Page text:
Posted by: captainfalcon | November 9, 2011

Amusing Tax Case

§ 165(a) of the IRC allows deductions for “any loss sustained during the taxable year and not compensated for insurance or otherwise.” § 165(c) limits such deductions to (inter alia) “lossess of property . . . if such losses arise from fire, storm, shipwreck, or other casualty, or from theft.”

The material facts in Blackman v. Commissioner: “[O]n September 2, 1980, the petition . . . went to his former home [which petitioner still owned]. He wanted to ask his wife whether she wanted a divorce. They quarreled, and Mrs. Blackman left the house. After she left, the petitioner gathered some of Mrs. Blackman’s clothes, put  them on the stove, and set them on fire. The petitioner claims that he then “took pots of water to dowse the fire, put the fire totally out” and left the house. The fire spread . . . When the firefighters arrived, they found some of the clothing still on the stove. The house and its contents were destroyed.” After his insurance declined to honor his claim, “On his 1980 Federal income tax return, the petitioner deducted as a casualty loss $97,853 attributable to the destruction of his residence and its contents.”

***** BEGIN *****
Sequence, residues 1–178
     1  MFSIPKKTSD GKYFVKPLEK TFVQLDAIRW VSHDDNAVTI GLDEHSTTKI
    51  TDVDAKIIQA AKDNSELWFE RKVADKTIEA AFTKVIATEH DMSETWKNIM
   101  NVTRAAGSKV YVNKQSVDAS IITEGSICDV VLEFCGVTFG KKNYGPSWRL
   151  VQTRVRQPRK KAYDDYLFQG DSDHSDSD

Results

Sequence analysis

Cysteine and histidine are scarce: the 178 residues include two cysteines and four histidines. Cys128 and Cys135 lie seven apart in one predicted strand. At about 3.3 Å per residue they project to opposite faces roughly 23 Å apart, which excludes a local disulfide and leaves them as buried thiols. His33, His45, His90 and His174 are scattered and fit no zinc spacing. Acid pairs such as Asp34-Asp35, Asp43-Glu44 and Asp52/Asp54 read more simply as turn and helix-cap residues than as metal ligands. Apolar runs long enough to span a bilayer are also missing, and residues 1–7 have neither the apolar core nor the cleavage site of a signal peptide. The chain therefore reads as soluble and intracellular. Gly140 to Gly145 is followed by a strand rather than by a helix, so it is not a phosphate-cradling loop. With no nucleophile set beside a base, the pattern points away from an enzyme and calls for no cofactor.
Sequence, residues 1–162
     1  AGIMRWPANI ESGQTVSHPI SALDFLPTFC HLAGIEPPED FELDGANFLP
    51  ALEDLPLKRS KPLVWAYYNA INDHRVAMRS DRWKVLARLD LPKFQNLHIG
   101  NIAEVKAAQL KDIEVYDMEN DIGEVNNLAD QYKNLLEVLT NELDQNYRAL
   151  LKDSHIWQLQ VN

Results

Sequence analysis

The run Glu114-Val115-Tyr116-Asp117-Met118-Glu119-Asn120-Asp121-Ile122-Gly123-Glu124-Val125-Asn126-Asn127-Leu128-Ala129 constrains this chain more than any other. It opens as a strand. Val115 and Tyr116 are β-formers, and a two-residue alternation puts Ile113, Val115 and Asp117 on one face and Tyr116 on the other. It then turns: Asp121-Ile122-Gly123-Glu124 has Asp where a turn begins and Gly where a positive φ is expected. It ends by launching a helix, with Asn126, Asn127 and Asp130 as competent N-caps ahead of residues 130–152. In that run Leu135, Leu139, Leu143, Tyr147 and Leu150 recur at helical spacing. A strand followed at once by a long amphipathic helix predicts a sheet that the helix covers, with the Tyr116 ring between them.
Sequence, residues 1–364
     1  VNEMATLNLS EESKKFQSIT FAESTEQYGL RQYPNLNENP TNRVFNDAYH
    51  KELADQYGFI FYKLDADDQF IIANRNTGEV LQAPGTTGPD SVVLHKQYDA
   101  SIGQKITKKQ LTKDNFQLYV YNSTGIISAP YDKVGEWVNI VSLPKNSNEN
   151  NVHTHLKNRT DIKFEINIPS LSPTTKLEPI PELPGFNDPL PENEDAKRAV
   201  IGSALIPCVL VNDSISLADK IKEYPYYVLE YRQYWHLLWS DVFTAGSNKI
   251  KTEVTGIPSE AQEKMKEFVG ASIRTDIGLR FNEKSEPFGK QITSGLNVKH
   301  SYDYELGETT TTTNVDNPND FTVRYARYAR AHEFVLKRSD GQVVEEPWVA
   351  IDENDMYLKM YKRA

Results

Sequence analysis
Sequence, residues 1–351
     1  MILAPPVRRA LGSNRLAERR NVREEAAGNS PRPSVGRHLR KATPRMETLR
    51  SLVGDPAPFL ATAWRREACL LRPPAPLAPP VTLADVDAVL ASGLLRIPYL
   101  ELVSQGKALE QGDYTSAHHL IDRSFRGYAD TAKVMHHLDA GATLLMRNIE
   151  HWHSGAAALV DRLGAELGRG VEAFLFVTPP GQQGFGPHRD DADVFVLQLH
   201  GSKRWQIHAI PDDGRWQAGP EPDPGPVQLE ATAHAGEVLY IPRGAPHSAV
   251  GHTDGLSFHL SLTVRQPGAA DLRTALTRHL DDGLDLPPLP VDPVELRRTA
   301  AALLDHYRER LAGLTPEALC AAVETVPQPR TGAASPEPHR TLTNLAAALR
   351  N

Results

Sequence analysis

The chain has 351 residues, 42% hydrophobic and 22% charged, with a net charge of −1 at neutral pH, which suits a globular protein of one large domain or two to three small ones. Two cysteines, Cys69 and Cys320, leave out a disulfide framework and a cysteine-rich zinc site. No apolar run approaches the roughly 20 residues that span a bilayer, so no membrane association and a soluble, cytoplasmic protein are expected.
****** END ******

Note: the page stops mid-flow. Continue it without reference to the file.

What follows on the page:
The language of § 165, which does not limit deductions to casualty losses arising from certain kinds of conduct, seems to allow the deduction. Following various earlier decisions, the court carved a public policy exception to it. Their holding: “We refuse to encourage couples to settle their disputes with fire.”

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